And then there’s the concern that Trend/MAPS will escalate blocks further. I have heard from a couple ESPs that if Trend/MAPS decides that they don’t approve of how you are handling an issue, they will escalate to cover more and more IP ranges.
With a history like that, I can definitely understand a reluctance to make the information public.
Oh, how the Margie have fallen.
So, Trend Micro bought MAPS some years ago and I don’t think they use the MAPS brand in any of their marketing. It’s safe to say that Trend is doing whatever is being done today, and to leave the MAPS name and brand out of whatever is being done today. Back when MAPS was an independent company, there’s no way that the owners or the staff would have allowed what’s being reported here. So as a favour to the original owners and staff, I’d like it very much if these reports could be in terms of “what Trend Micro appears to be doing” and not “what MAPS appears to be doing.” Noting, I have no information as to the accuracy of these reports. I still subscribe to the RBL+ and I like it.
Delisting requests and information about the RBL (and associated lists) are still using the MAPS brand and domains. For example: http://www.mail-abuse.com/removereq.html
If my name were associated with MAPS-that-was I’d be annoyed by this behaviour too. But the products we’re talking about (RBL+ and friends) are branded as “Mail Abuse Prevention System (MAPS)” by Trend, and the employees there use mail-abuse.com/.org email and web addresses.
See http://us.trendmicro.com/us/products/enterprise/network-reputation-services/threat-prevention-network/ and surrounding pages.
If the issue really is confirmed opt-in lists that are being caught mailing “spamtraps” that in fact subscribed to the mailings, then IMHO this would justify a group of ESPs getting together, pooling their data, putting their investigators and attorneys to work, and then filing suit. It would be a risk, but at least that way the risk is equally on Trend’s side. A blacklist lives and dies by its reputation. If these allegations prove true (and I trust your assessment of that, Steve), then Trend deserves to loose customers and money as well as its reputation.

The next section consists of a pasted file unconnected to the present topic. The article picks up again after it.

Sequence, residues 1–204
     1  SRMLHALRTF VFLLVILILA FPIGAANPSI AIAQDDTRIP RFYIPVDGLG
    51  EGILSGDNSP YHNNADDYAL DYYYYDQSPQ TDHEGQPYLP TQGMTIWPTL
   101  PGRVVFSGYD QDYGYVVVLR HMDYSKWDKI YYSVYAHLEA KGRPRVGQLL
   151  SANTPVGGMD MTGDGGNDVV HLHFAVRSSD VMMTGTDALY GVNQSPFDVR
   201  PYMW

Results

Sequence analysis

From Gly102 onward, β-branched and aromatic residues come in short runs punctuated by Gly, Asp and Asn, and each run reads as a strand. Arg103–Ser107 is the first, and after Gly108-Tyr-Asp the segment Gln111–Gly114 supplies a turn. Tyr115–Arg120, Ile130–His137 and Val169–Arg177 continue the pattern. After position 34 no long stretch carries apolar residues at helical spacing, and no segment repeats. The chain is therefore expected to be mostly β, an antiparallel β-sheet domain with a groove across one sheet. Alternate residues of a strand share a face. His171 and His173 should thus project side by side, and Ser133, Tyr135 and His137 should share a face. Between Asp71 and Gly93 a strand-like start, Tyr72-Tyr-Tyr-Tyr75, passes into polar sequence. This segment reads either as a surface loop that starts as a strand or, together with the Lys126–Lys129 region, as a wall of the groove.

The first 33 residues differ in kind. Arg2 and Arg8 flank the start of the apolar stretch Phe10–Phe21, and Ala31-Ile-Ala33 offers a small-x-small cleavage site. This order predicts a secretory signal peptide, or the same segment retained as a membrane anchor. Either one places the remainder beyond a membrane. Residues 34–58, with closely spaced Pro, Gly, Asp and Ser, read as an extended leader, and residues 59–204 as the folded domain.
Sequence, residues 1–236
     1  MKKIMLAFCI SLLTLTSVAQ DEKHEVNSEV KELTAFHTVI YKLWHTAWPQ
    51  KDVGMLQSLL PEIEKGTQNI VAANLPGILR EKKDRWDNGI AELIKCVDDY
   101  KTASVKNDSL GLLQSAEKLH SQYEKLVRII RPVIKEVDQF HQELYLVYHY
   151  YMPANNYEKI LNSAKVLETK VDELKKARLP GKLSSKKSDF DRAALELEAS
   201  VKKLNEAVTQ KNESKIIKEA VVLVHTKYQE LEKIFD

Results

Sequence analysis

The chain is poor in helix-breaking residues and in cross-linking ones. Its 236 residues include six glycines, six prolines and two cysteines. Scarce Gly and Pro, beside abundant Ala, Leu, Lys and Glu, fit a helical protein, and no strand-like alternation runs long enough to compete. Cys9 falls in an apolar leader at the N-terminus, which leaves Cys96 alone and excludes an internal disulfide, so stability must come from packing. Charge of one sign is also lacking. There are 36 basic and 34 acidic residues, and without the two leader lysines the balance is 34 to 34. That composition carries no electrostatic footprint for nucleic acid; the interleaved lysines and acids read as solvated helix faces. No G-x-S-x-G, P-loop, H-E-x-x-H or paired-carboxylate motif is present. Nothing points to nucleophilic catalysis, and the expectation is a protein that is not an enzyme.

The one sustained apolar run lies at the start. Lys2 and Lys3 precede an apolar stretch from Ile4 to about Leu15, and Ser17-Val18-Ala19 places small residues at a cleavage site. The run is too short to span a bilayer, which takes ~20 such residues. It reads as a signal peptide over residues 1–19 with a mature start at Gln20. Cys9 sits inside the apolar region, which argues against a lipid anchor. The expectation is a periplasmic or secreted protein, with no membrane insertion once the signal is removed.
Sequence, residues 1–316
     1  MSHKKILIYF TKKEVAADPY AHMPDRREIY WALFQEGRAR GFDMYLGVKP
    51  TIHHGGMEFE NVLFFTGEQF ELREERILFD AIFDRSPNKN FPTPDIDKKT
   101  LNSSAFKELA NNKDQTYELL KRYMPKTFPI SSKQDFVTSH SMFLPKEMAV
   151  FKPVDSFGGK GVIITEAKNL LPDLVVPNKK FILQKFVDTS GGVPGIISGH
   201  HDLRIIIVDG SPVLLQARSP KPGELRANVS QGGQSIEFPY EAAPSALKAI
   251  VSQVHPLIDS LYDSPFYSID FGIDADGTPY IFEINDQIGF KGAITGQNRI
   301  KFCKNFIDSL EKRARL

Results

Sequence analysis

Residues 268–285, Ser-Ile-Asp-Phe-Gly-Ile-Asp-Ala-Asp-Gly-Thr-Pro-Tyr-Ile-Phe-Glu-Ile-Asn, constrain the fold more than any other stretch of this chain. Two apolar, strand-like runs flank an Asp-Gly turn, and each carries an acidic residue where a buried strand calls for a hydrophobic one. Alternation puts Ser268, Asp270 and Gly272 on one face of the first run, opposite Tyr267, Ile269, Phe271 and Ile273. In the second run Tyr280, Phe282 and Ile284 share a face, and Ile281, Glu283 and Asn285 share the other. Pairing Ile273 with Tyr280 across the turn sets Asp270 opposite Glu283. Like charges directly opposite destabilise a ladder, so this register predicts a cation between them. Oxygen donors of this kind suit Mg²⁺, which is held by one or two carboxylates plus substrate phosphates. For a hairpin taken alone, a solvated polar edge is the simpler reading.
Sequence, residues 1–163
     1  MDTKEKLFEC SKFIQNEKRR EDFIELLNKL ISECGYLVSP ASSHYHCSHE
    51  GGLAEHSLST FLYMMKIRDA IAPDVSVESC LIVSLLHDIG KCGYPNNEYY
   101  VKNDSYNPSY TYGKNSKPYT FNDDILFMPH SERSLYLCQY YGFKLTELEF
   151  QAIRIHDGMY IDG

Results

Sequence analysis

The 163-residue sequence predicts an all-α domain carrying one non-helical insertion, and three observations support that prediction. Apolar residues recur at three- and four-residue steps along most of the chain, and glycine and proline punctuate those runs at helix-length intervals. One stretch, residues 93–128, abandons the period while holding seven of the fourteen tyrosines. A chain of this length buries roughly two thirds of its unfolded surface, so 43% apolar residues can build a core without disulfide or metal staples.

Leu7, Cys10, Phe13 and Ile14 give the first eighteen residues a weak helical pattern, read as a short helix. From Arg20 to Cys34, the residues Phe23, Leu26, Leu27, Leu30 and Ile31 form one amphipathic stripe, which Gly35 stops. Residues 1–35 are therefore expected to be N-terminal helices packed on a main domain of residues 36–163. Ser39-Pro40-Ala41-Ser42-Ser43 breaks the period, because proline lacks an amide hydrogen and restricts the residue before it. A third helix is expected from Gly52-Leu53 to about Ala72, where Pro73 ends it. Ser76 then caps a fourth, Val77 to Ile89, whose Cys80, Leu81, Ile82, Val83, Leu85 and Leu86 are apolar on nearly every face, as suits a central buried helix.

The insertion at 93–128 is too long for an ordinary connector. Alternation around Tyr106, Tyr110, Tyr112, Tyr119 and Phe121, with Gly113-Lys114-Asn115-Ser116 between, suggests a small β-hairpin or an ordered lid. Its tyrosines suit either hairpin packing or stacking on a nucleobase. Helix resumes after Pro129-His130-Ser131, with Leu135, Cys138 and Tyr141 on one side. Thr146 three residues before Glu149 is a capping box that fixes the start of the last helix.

BTW, Paul, I don’t blame you for not wanting to be associated with this. A bunch of other former MAPs people are also horrified. (I’ve talked with a few.) We all still owe you for inventing DNS-based blocklists for fighting spam and malware. We still owe you and the rest of them for building the first blocklist and making it work so well that the technique became the standard.
But as long as the MAPS name is used by Trend for its blocklisting product, I don’t think that it is wrong for others to call the product MAPS. It’s just sad to see the name once associated with a revolutionary spamfighting technique come to mean something so much less than it once did. 🙁
Speaking from one of ESPs that MAPS has had in their sights for some time I can tell you that the master of ceremonies, the one and only Dave Rand himself was made aware of these atrocities and continued to tell us that the problem is ours and that we are spammers and the only option is to reconfirm everything. The COI stuff is just the tip of it, I have single opt-in customers that have never had a complaint in 6 years being told to reconfirm their entire list of 1500 because they have a typo’d domain trap on their list. I even asked if they would settle for the customer confirming just the non-opens/non-clicks and got the same answer: “they are a spammer, they must confirm the entire list”. The bottom line is that someone is being irresponsible with their power and we have no real/immediate recourse.